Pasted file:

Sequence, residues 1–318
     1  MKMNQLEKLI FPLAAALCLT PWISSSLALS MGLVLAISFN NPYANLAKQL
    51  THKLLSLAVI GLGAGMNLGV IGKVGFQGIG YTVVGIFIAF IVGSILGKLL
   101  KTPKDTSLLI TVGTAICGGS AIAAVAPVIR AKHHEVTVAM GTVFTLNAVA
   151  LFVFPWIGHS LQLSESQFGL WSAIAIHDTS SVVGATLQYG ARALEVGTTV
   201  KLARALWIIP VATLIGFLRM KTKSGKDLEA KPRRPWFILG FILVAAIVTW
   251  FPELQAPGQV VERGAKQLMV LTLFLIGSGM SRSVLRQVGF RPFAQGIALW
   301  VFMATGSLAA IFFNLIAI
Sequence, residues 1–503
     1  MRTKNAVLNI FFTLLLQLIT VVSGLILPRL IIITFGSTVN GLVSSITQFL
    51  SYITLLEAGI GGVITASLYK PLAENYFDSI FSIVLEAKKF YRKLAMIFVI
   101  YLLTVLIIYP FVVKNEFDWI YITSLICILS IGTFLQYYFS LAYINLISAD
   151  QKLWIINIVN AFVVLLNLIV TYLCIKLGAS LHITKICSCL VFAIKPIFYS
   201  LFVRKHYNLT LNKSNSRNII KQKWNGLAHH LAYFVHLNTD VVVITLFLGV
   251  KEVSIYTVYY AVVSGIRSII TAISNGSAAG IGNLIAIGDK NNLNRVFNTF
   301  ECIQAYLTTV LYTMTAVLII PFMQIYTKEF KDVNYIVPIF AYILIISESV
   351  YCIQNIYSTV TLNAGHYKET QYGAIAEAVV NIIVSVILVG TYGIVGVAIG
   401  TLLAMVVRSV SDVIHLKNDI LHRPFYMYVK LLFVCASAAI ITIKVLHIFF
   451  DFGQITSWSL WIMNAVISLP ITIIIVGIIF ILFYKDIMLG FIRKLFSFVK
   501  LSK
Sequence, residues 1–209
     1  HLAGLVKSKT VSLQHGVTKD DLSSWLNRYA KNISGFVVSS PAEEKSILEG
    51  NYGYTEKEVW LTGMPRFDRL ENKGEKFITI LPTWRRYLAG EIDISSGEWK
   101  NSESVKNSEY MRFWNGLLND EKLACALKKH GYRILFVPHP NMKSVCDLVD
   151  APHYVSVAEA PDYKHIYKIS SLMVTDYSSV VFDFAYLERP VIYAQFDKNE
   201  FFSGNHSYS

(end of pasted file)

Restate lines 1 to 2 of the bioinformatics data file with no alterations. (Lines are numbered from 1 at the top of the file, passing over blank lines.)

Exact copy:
Sequence, residues 1–318
     1  MKMNQLEKLI FPLAAALCLT PWISSSLALS MGLVLAISFN NPYANLAKQL